This book addresses one of the fundamental problems in Russian society, and in Russia's relations with the rest of the world. Why do Russians tend to react differently from `us' in given diplomatic or business situations? Why do they find the notion of a contract difficult to grasp? Why do they seem hostile to the principle of the level playing field? How do they see Russia's position within the globalised economy? In order to probe these issues, the author begins with a historical analysis, looking at the pattern of political and economic development since Tsarist times, always asking the questions: What is unique to Russia in all this, and which unique features tend to recur in different periods? In seeking to illuminate the interface between Russia and the world, the author also examines Russia's attitude to itself, and to its own resources - natural and human - to land as an agricultural resource, and later oil and gas; and to people - as cheap labour and as highly trained scientific personnel. This book is firmly based on scholarly sources, in English, French and Russian, but aims to go beyond the academic audience to address the concerns of people encountering Russians and Russian organizations in their everyday lives.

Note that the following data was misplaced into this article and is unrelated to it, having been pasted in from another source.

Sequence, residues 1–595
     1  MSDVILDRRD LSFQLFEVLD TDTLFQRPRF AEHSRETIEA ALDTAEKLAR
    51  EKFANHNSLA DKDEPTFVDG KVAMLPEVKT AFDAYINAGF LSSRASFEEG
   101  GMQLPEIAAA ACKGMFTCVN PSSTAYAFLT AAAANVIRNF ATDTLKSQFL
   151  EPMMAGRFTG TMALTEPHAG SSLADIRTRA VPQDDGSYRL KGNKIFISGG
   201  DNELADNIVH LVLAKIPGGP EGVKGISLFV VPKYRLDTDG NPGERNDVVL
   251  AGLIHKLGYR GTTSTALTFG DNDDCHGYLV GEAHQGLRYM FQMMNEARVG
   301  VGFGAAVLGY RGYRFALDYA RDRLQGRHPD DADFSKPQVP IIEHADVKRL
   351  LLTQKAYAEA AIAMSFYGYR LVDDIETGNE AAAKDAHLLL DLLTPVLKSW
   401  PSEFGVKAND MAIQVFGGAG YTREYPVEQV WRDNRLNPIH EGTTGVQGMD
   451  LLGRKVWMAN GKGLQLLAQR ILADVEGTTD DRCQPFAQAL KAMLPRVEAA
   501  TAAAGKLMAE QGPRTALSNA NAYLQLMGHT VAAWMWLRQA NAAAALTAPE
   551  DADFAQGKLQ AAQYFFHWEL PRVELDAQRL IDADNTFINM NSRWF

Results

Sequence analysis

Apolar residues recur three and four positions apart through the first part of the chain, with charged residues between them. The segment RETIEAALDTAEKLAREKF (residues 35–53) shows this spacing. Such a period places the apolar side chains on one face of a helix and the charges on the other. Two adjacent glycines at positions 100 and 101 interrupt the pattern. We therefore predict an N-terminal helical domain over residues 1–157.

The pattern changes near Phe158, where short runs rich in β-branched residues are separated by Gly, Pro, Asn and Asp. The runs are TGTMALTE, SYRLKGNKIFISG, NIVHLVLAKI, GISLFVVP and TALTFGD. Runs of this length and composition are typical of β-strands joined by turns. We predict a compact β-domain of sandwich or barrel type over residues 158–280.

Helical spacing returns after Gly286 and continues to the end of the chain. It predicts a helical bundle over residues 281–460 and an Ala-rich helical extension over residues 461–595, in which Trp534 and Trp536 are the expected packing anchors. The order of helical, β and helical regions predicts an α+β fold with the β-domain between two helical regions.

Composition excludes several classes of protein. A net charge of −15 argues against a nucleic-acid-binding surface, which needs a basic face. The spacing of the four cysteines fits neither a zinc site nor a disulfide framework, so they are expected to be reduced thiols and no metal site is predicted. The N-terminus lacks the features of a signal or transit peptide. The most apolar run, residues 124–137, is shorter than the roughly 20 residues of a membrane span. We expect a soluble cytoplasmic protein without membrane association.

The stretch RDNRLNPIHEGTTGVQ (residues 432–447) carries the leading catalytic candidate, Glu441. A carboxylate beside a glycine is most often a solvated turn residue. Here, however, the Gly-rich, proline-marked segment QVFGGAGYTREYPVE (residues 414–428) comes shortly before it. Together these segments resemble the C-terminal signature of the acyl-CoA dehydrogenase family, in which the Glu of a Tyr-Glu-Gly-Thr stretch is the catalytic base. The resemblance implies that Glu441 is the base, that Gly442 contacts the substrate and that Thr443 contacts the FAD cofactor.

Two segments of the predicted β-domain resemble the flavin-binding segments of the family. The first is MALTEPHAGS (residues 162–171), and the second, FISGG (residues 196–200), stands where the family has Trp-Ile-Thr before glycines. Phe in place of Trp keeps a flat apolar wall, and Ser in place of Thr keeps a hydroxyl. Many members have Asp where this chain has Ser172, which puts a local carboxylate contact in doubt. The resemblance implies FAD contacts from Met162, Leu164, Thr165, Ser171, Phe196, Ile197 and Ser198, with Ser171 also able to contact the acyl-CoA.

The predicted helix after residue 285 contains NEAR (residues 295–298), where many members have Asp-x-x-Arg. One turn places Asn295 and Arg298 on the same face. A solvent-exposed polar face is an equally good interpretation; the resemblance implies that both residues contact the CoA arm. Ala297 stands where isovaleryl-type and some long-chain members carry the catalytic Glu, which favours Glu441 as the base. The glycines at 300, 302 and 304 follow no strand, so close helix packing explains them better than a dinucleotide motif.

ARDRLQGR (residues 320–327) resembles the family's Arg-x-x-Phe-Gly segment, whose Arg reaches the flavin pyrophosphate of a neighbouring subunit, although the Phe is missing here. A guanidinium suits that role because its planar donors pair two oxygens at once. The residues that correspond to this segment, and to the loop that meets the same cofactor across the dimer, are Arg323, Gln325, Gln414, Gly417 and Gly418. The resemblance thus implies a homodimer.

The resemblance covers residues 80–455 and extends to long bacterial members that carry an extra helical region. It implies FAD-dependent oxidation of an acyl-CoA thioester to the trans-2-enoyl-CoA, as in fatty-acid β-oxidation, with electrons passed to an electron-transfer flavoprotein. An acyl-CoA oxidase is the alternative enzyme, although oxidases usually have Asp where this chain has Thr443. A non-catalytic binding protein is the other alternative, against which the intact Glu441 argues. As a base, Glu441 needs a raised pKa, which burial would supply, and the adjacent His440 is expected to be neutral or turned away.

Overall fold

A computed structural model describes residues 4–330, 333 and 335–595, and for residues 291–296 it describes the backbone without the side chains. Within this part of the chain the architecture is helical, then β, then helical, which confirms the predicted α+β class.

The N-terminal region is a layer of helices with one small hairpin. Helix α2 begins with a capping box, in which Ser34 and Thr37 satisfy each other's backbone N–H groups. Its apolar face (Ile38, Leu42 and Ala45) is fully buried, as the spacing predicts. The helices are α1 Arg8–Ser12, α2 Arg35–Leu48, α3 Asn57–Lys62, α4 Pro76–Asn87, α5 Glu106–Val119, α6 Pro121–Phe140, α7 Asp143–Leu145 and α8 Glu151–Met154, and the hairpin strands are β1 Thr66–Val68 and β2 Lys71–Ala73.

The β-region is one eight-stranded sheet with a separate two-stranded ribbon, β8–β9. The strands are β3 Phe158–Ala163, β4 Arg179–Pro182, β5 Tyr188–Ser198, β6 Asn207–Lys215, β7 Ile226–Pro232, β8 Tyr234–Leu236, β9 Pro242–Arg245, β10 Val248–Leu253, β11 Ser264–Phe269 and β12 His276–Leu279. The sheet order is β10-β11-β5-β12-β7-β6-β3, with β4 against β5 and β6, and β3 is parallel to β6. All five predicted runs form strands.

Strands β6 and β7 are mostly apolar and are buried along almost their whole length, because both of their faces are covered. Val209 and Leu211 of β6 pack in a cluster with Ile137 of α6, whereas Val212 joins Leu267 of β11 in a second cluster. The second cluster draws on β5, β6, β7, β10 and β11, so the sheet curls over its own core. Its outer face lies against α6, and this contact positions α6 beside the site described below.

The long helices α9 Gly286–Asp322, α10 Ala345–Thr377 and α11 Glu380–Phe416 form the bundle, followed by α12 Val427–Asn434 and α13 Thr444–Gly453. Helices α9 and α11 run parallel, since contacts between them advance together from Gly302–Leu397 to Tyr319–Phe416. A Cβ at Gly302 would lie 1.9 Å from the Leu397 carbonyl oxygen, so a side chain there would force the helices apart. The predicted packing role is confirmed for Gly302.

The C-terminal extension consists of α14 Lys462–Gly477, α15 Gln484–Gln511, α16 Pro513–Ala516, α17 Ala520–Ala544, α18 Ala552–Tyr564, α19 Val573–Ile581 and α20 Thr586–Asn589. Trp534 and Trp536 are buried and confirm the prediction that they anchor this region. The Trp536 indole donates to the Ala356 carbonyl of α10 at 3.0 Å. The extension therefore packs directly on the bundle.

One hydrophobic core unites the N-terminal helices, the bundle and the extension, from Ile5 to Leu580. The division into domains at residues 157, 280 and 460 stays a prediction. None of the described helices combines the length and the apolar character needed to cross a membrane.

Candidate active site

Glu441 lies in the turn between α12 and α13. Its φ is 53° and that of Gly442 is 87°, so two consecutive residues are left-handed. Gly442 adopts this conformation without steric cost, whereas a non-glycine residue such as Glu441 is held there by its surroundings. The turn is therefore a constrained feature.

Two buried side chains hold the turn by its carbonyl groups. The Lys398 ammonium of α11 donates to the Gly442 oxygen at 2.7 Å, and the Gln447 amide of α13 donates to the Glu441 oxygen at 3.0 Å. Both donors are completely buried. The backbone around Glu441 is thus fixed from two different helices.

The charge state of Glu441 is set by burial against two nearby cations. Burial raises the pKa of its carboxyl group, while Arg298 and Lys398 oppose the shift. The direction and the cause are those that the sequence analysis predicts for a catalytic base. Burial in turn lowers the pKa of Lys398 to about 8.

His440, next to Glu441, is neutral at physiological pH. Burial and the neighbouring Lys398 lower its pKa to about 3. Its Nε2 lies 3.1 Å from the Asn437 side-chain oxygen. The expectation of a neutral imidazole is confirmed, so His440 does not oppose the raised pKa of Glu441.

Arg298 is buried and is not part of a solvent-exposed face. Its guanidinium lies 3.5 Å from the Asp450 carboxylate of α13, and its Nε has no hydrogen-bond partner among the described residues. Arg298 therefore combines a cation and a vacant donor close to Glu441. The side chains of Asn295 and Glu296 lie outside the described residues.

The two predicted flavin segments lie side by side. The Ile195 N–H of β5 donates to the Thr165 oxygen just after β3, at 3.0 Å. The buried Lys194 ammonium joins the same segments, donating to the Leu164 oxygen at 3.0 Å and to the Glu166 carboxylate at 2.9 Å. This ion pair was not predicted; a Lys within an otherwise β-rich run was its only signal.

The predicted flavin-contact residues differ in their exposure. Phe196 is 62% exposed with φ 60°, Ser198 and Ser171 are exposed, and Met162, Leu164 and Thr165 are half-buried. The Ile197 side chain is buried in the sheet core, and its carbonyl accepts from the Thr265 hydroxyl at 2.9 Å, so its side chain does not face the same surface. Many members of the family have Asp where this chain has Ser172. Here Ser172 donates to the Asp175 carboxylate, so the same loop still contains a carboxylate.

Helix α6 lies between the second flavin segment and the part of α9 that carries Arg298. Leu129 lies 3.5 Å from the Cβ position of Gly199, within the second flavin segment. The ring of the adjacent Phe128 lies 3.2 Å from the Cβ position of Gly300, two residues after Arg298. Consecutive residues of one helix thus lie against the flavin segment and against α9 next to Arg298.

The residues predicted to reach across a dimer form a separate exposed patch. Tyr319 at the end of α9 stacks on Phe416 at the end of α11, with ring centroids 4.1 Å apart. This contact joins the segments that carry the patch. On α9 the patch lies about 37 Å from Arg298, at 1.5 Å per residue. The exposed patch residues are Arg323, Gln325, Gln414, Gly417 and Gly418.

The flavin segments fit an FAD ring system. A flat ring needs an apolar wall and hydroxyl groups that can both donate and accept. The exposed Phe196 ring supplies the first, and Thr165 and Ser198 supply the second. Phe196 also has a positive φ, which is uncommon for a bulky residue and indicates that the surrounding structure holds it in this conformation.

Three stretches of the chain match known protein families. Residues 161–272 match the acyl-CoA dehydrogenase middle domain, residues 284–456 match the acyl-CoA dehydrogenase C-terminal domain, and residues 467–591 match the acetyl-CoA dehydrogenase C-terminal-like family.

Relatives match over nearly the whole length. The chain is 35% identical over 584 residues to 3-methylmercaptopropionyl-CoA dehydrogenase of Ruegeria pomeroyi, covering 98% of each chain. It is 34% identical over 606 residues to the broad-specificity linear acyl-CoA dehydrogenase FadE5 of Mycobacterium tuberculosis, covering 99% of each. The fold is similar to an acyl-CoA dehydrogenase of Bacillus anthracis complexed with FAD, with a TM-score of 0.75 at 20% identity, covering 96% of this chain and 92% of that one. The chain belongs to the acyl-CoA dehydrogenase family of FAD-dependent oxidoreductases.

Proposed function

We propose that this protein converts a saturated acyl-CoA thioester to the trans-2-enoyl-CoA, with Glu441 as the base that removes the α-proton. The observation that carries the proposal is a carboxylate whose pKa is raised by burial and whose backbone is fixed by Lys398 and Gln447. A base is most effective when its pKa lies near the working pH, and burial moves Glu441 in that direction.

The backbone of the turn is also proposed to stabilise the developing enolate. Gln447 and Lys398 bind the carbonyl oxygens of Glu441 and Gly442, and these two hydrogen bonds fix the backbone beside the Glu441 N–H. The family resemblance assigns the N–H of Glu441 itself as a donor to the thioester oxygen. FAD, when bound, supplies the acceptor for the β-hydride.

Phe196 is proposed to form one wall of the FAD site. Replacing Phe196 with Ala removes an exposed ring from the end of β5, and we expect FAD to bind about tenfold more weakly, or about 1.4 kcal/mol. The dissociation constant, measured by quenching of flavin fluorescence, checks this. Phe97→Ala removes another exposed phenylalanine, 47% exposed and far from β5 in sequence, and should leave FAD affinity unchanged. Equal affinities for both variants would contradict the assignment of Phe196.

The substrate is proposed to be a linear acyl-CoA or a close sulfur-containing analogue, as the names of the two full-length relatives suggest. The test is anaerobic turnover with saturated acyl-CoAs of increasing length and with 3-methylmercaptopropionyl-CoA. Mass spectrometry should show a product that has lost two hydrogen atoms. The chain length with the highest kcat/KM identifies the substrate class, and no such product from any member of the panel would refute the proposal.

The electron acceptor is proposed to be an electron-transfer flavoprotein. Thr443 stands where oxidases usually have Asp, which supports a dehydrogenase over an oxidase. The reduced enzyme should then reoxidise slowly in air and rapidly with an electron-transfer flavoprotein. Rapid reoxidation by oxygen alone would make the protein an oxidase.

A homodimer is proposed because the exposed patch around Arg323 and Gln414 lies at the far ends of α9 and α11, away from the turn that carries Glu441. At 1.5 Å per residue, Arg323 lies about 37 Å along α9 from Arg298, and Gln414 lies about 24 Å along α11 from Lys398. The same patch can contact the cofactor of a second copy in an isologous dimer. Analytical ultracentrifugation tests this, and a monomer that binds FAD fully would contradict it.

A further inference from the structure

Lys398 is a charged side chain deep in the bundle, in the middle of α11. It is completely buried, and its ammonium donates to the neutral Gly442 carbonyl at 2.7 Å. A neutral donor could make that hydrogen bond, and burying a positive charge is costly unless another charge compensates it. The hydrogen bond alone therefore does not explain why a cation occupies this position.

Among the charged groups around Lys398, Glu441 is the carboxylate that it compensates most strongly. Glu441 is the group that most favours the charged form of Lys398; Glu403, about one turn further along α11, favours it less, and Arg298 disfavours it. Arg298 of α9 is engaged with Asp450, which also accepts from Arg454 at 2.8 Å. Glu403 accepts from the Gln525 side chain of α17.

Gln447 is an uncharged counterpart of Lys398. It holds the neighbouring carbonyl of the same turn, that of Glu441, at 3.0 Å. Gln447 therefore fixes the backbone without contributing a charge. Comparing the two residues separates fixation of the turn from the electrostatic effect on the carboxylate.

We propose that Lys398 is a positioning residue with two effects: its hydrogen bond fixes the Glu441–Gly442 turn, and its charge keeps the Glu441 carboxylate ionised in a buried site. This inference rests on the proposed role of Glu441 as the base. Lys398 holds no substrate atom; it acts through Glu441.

Historical Background; The Soviet Period and Gorbachev's Perestroika; The Transition Back to Capitalism; Putin and the New Russia; Russia and the Outside World; Russia and the 'Near Abroad'; Innovation, the Knowledge Economy and the Russian S&T Complex; What Does It All Mean for Outsiders?.